Hidden in the arid desert of Sauda Arabia, the breathtaking archaeological site of Hegra, known as the Madain Saleh was once a prosperous trade hub and the city of the forgotten Nabataean civilisation. For the very first time, Saudi Arabia has fully opened up the historic site for international tourists. Hegra, which has a striking resemblance with its sister city Petra in Jordan, was hitherto unknown to many people. In a bid to promote tourism, the country has opened up the kingdom to all tourists. At the locations, guides and storytellers ( known as Al Rowah in the local language) will narrate the tales of the mysteries kingdom while taking the visitors through the tombs and inscriptions. They tell the stories in two languages, Arabic and English. Saudi Arabia had also started a one-of-its-kind luxury cruise to the Red Sea a few months back.
Hegra, A Hidden City Of The Almost Lost Civilization
Hegra, the rock-cut archaeological city in Al Madinah Region’s AlUla of Hejaz, Saudi Arabia, wasn’t that easy to be explored earlier. It was the second city of the Nabataean kingdom which had flourished from the 4th century B.C. to the 1st century A.D. Every year, fewer than 5000 Saudis used to visit Hegra. International tourists had to seek special permission to enter the ancient town. But now all tourists can visit the spectacular site by simply collecting an online ticket worth 95 Saudi royal ( ₹1874.32). Hop-in-hop-off buses will take them to seven locations and the guides or Al Rowah will tell the awe-inspiring stories of the lost civilisation.
Also Read: Saudi Arabia’s Jeddah To Host Formula 1 For The First Time In 2021
Hegra Has 111 Tombs And Nearly 7,000 Nabataean Inscriptions
At Hegra, there are 111 tombs and around 7,000 Nabataean inscriptions. The largest tomb in the area is the monolithic Tomb of Lihyan Son of Kuza, having a height of 72 feet. The oldest tomb in the site dates back to 1 B.C. Some tombs were left unfinished and abandoned and the reasons aren’t clearly known. The architecture of the grandiose kingdom was inspired by classical Roman and Greek designs.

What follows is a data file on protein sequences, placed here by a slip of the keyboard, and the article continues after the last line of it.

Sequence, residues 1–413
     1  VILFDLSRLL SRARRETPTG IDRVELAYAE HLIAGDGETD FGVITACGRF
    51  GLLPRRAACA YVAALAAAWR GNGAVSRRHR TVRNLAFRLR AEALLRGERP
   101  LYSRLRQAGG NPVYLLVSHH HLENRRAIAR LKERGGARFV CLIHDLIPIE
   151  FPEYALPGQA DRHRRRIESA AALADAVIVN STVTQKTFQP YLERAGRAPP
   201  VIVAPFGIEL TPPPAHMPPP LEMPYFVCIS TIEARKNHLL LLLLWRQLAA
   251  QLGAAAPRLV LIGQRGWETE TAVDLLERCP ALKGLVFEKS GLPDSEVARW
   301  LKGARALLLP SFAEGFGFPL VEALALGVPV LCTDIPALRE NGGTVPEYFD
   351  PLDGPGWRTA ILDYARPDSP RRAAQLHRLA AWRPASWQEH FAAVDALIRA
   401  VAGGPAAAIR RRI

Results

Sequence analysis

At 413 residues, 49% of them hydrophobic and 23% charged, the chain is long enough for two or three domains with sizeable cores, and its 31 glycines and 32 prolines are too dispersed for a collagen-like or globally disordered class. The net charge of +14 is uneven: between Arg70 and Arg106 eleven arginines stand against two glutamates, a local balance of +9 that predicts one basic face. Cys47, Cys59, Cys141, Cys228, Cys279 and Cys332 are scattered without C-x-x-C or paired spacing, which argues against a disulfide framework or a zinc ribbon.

Nabataeans: The Merchants Of The Desert
According to Smithsonian Magazine, Laila Nehmé, the co-director of Hegra Archeological Project, has said that not much is known about the Nabataeans as ‘they did not leave any large mythological texts’ like Gilgamesh and Mesopotamia. Sources say that Nabataeans were the nomads of the desert who had turned Hegra into a flourishing trade hub. They used to supply incense, spice and aromatics to Egypt, Syria, the Mediterranean and Mesopotamia through Arabia and Jordan. The way the Nabataeans eked out their existence in the desert with their hydraulics can also leave us spellbound. They collected the rainwater that pelted down the rocks in ground-level cisterns for later use. Also, around the tombs, they had constructed natural water pipes to protect their frontages from erosion.
Also Read: Flight Experience From India To Saudi Arabia During Pandemic
Crown Prince Mohammed bin Salman had announced the Saudi Vision 2030, planning to convert the Middle Eastern country into global tourism and trade hub. From September 2019, the country has started allowing visitors even without business or religious purposes. So, if you happen to be a history buff with an immense inclination towards the things of the bygone era, the intriguing desert town of Hegra should definitely be on your bucket list. Meanwhile, here’s a glimpse into the beautiful World Sight Park of Saudi Arabia: